Body builders’ mus­cles show sur­pris­ing ben­e­fits

The Weekend Australian - Travel - - Health - John von Rad­owitz

PUMP­ING iron could play a pre­vi­ously un­recog­nised role in pre­vent­ing obe­sity and di­a­betes, new re­search sug­gests. Sci­en­tists made the sur­prise dis­cov­ery that body builders’ ‘‘ type II’’ mus­cle helps to re­pro­gram the whole body’s me­tab­o­lism.

The find­ings sug­gest that re­sis­tance train­ing gym ses­sions may be part of the an­swer to keep­ing peo­ple trim and healthy.

It had been widely as­sumed that only aer­o­bic en­durance ex­er­cise, such as run­ning or swim­ming, had any sig­nif­i­cant in­flu­ence on the body’s en­ergy bal­ance.

This kind of ex­er­cise pro­duces ‘‘ type I’’ mus­cle con­tain­ing ‘‘ slow’’ fi­bres full of mi­to­chon­dria, the tiny pow­er­houses in cells that burn fuel to gen­er­ate en­ergy.

Type I mus­cle en­ables marathon run­ners to keep go­ing with­out get­ting tired.

In con­trast, type II mus­cle pro­duces the abil­ity to lift heavy loads or show a sprinter’s short burst of speed, but lit­tle stay­ing power.

Sci­en­tists in the US cre­ated a mouse dubbed ‘‘ My­oMouse’’ that could be made to bulk up with type II mus­cle sim­ply by switch­ing on a growth-reg­u­lat­ing gene called Akt1.

When the switch was turned off, and the mice were fed an eight-week sug­ary diet with a caloric com­po­si­tion sim­i­lar to hu­man ‘‘ fast food’’, they grew obese.

The an­i­mals also be­came in­sulin re­sis­tant, an early sign of di­a­betes, and de­vel­oped fatty de­posits in their liv­ers — a con­di­tion seen in hu­mans and known as fatty liver dis­ease.

Ac­ti­vat­ing the Akt1 gene im­me­di­ately led to the growth of type II mus­cle fi­bres.

But in­stead of pro­duc­ing strong and fat ‘‘ sumo’’ mice, as many of the re­searchers had ex­pected, the switch re­sulted in an­i­mals that lost weight.

Blood tests showed that the mice also be­came metabol­i­cally nor­mal, and they were cured of fatty liver dis­ease.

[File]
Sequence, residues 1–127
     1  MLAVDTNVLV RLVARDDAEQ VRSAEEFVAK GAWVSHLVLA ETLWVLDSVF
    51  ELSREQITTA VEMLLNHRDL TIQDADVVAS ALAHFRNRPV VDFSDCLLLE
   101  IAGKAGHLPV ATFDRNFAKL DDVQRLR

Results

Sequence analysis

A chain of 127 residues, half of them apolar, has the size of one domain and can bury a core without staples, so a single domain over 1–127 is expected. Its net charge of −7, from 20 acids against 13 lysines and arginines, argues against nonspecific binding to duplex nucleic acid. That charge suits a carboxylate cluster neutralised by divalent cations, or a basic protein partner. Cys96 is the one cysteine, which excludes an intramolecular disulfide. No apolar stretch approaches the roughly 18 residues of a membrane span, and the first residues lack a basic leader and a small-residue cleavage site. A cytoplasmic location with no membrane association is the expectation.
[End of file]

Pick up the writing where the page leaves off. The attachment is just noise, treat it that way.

The ben­e­fi­cial changes oc­curred even when the mice con­tin­ued to eat a high calo­rie diet with­out tak­ing ex­tra ex­er­cise.

‘‘ This work shows that type II mus­cle doesn’t just al­low you to pick up heavy ob­jects, it is also im­por­tant in con­trol­ling whole body me­tab­o­lism,’’ says study leader Pro­fes­sor Ken­neth Walsh, from Bos­ton Univer­sity School of Medicine in Mas­sachusetts.

Fur­ther anal­y­sis re­vealed that the phys­i­ol­ogy and gene ac­tiv­ity of fat and liver cells in the mice had been altered.

The re­searchers sus­pect that sig­nalling mol­e­cules se­creted by mus­cles may be in­volved.

They are cur­rently in the process of iden­ti­fy­ing novel pro­teins in mus­cle that com­mu­ni­cate with other tis­sues.

The pro­teins, re­ferred to as ‘‘ myokines’’ from the Greek words ‘‘ mus­cle’’ and ‘‘ mo­tion’’, may pro­vide new tar­gets for obe­sity and mus­cle wast­ing drug treat­ments.

Re­port­ing their find­ings in the jour­nal Cell Me­tab­o­lism, the re­searchers con­cluded: ‘‘ Th­ese data... sug­gest that strength train­ing, in ad­di­tion to the widely pre­scribed ther­apy of en­durance train­ing, may be of par­tic­u­lar ben­e­fit to over­weight in­di­vid­u­als.’’

The re­sults may also pro­vide new in­sight into cer­tain as­pects of age­ing.

‘‘ Be­yond the age of 30, hu­mans lose ap­prox­i­mately six pounds (2.7 kg) mus­cle mass per decade,’’ says Pro­fes­sor Walsh.

‘‘ Sur­pris­ingly, age­ing in­di­vid­u­als pre­dom­i­nantly lose type II mus­cle. Thus a 50-year-old may be rel­a­tively good at play­ing ten­nis or jog­ging be­cause type I mus­cle is pre­served, but a mea­sure­ment of grip strength or core body strength could show ap­pre­cia­ble de­clines.’’ PA

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